If a friend is being abused
Leaving an abusive partner can be the most dangerous time, so it is very important that you plan for safety. Essentially, a safety plan is being aware of your surroundings and planning where to go and what to do during a violent incident in order to increase your safety.
- Tell them it’s not their fault.
- Tell them they do not deserve it.
- Listen to them without judging.
- Believe them, and let them know that you do.
- Don’t blame them for the abuse. Leaving an abusive relationship is hard and can take a long time.
- Give them good information about abuse —you can call your local crisis line and get information and support.
Tactics of Control
Domestic violence is more than hitting. It is a pattern of abusive behavior used to threaten, frighten, injure and control another person. Over time, abusive behaviors increase in frequency and severity. Physical abuse in a relationship rarely starts out as severe violence. It’s subtle. Some behaviors that indicate that a partner may become physically violent include:
- Extreme jealousy
- Blaming others for their problems
- Never being able to admit wrong-doing
- Having extreme beliefs about the roles of men and women in relationships
- Constant criticism
- Cruelty to animals
How can you help us?
With your support and involvement in learning about warning signs of domestic violence you can help us fight this tragedy.
DOVES would love all community involvement in supporting those who are already fighting the stigma and repercussions of falling victim to this horrible act. There are some things that you can do to help if you know someone who is in an abusive relationship or you suspect someone is being abused in the community.
Educate yourself on domestic violence and share what you learn with the person. Discuss the dynamics of domestic violence and how abuse is based on power and control. Explain that domestic violence is a crime, and that no one deserves to be threatened, hit or beaten.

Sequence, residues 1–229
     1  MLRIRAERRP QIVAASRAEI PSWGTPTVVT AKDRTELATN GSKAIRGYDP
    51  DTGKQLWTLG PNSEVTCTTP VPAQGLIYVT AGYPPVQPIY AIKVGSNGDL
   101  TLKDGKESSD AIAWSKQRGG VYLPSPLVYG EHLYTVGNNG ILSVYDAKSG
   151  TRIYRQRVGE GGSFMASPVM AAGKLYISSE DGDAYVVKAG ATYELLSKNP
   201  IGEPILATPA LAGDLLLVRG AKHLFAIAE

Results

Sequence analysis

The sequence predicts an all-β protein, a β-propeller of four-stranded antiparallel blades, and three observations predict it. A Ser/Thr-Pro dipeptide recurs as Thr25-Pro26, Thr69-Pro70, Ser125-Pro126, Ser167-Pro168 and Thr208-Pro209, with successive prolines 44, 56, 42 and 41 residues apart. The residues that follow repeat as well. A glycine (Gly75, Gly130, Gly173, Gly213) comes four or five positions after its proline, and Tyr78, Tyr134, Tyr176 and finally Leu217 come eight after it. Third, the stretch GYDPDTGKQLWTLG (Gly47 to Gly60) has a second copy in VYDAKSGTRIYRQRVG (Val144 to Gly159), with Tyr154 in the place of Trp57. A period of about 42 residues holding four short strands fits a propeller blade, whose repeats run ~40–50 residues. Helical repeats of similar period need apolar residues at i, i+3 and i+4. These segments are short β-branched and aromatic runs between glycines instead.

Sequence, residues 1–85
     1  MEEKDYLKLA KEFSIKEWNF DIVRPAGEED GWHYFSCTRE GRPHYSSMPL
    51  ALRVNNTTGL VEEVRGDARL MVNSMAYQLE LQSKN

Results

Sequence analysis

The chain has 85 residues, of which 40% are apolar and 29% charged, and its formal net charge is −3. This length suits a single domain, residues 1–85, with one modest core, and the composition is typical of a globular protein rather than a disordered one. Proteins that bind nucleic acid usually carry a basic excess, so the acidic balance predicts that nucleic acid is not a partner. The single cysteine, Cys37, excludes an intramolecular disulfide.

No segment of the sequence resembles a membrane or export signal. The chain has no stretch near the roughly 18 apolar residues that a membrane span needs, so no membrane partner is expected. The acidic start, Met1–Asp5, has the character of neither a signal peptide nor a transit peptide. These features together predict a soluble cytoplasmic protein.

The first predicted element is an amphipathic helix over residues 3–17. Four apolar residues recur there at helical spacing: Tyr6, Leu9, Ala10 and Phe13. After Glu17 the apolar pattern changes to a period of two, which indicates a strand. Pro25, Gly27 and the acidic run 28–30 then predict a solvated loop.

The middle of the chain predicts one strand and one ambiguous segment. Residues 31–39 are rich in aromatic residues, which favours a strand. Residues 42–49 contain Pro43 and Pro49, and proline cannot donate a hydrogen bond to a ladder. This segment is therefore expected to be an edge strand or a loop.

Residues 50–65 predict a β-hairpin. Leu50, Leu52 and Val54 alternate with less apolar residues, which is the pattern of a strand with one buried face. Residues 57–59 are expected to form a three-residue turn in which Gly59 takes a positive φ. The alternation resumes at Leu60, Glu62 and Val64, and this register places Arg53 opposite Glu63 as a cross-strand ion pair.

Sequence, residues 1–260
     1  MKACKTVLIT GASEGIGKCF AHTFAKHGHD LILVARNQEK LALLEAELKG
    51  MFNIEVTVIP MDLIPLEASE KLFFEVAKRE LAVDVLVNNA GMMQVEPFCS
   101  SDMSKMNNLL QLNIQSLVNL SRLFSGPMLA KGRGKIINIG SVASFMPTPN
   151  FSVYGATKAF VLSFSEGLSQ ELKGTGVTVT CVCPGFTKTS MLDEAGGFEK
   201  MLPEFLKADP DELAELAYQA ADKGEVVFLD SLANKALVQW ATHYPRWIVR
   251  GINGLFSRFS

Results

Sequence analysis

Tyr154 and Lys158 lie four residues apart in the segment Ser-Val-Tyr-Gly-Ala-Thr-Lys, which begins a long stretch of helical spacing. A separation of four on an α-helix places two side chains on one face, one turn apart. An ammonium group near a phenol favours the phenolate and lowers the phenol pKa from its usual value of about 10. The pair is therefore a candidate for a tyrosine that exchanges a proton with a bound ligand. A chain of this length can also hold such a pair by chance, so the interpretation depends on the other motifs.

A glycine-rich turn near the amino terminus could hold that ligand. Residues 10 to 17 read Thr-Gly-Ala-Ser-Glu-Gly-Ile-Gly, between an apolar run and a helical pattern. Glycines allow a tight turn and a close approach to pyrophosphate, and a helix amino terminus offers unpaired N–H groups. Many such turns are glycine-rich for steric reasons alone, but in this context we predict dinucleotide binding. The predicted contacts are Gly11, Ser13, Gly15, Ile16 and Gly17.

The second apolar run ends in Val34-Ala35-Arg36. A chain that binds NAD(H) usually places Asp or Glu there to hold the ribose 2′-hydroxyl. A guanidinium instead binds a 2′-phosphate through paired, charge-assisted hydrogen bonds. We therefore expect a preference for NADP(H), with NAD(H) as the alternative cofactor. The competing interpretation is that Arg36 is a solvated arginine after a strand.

Listen without judging. Tell the person that you are concerned about his/her safety and remind him/her that he/she is not alone. Acknowledge that it takes strength and courage to survive and trust someone enough to talk about the situation. Let the person make his/her own decisions and support him/ her, even if it means not being ready to leave the relationship.
Of resources in your community that offer services to victims, and refer that person to those resources.
Take action against domestic violence.
Support local domestic violence centers with your money, time or resources. Raise public awareness in your community. Ask your legislators about pending domestic violence legislation. Hold batterers accountable in your community. Make domestic violence a workplace issue. Tell healthcare professionals to screen for domestic violence with their patients. Call the police if you see or hear an assault in progress. Make a personal commitment to educate others.
Residents in shelter
Crisis calls answered
Non-residential survivors served
Numbers taken from July 2020 – June 2021
Our Service Area
DOVES of Gateway provides services to the Gateway counties of Rowan, Menifee, Montgomery, Morgan and Bath.
All Kentucky counties are covered by one of the 15 sister shelters of the Kentucky Coalition Against Domestic Violence (KCADV).